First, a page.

He also added that the network is completing new academic standards to be implemented network-wide and proudly emphasizes its performance accountability, data sharing among schools and transparency.
CR schools are helping to revitalize inner city Catholic education, he averred, countering the trend in which 2,000 Catholic schools have closed in the past 20 years. Atlanta has been considered a top market for a new school for years.
It’s “helping them develop their God-given talents for the sake of America and to help build God’s kingdom on earth. … We are very, very excited for Cristo Rey Atlanta. It’s going to be a great school and a great ministry for the city,” Birdsell said.
Hipp said that the St. Paul of the Cross Church site was selected due to its pastoral, wooded setting on 30 acres with a traditional private school ambience. It also has the infrastructure in having once had an elementary school, and they are consulting architects on remodeling plans. And its proximity to MARTA will enable youth to attend from across the city, leaders hope. Furthermore, at the parish, members are eager to help, and the Passionist religious order, whose priests staff the parish, “have embraced this project more than we could imagine.”
Hipp was earning a master’s degree in private school leadership from the Klingenstein Center, Teachers College at Columbia University, among the most elite private school educators when he had an “epiphany” about reaching out to serve the least. Then, about five years ago, he had a conversation about bringing a Cristo Rey school to Atlanta with his mentor, Marist Father Joel Konzen, of the Marist School, while working in Marist’s Reach for Excellence program for disadvantaged youth. The conversation continued, and Hipp with others formally launched the feasibility study last fall.
“My personality has always been to look for the student who isn’t the star, but maybe the forgotten kid, the kid who wasn’t having so much fun. … I’ve always tried to find support for that kid who is forgotten,” he said. “And Cristo Rey is a whole school for those who may not have the same choices as some of the other kids through no fault of their own, but they want that as much as the next kid, they want to go to college and do all the things other kids do.”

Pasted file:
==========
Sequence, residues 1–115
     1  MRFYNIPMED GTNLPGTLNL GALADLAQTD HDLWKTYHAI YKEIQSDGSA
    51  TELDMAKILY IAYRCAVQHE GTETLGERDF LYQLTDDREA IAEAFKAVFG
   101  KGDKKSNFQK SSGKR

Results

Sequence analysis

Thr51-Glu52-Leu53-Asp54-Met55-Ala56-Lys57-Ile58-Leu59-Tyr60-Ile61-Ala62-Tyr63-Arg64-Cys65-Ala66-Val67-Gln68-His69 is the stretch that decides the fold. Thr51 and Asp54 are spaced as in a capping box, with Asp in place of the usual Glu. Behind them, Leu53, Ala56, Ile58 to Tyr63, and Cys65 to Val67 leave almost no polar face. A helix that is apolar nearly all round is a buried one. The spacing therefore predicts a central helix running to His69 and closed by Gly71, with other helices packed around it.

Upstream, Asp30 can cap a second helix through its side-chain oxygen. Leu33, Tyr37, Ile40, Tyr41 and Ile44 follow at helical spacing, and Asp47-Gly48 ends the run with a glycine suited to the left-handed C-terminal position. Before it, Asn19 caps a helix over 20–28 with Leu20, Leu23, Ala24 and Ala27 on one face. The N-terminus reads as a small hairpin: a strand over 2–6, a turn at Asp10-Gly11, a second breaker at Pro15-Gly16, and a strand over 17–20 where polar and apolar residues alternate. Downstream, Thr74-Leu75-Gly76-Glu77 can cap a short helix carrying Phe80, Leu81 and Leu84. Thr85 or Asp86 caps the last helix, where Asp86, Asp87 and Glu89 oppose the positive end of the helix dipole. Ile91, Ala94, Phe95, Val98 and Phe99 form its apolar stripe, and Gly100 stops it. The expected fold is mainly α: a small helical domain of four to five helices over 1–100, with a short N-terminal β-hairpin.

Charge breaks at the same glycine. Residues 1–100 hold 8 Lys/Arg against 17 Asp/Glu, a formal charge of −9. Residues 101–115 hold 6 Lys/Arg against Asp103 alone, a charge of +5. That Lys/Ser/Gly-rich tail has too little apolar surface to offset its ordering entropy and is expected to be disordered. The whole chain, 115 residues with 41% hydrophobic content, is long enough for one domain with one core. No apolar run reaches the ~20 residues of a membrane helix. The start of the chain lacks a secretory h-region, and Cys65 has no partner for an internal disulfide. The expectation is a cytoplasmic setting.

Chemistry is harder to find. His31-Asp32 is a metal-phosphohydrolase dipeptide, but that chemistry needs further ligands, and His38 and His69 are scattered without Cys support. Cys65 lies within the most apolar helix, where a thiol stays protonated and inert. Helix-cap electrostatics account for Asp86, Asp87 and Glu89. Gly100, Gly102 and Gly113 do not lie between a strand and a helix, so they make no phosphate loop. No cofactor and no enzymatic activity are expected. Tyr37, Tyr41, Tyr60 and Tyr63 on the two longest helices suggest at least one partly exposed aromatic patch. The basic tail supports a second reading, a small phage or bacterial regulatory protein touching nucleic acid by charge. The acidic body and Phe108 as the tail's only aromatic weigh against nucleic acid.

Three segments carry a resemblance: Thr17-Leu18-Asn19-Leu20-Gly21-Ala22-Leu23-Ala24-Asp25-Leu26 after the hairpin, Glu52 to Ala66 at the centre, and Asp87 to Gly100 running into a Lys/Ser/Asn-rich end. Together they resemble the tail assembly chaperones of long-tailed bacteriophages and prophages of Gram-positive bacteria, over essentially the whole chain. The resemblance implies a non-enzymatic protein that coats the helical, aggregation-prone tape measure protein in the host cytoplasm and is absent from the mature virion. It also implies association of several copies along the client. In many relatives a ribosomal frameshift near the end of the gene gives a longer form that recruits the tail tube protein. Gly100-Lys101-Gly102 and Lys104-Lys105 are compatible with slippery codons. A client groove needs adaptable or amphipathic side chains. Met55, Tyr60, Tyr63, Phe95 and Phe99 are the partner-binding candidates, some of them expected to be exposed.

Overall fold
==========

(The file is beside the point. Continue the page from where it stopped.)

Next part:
He’s heartened to already hear from students like a girl at KIPP South Fulton Academy, a public charter middle school, who wrote, “I’m not Catholic, but I’m a hard worker. I would do anything to go to this school. … When you came to our school the first thing that came to my mind is that it’s time for me to show what I’m truly made of.”
As part of the Cristo Rey Network, the Atlanta school would be independent of the archdiocese. But the archdiocesan superintendent of schools, Dr. Diane Starkovich, serves on the governance committee and Tom Campbell, associate superintendent, serves on the curriculum committee; they will provide assistance throughout the planning stages. Archbishop Gregory has granted permission for the school to continue with its application to the network with the idea that it will be a recognized Catholic school.
Starkovich said that Cristo Rey has proven to be a success and a “wonderful model” of also giving students practical work experience.
“I am extremely pleased with the progress being made to submit the proposed plan to the Cristo Rey Network in early June. The Cristo Rey Network has a national reputation for providing college preparatory curriculum in a Catholic school environment,” she wrote in an email. “Cristo Rey schools are normally found in areas of high poverty and high dropout rates. We know that for the cycle of poverty to be broken, students need to be afforded an opportunity to attend college. Cristo Rey schools have a high percentage of students graduating from high school and being accepted in various colleges.”
However the timetable evolves, she affirmed the need for Cristo Rey in Atlanta.
“When Tim and I met with the network representatives in Chicago, they mentioned to us that it’s not a matter of ‘if’ a Cristo Rey school will be located in Atlanta; rather, it’s a matter of ‘when.’ I agree!”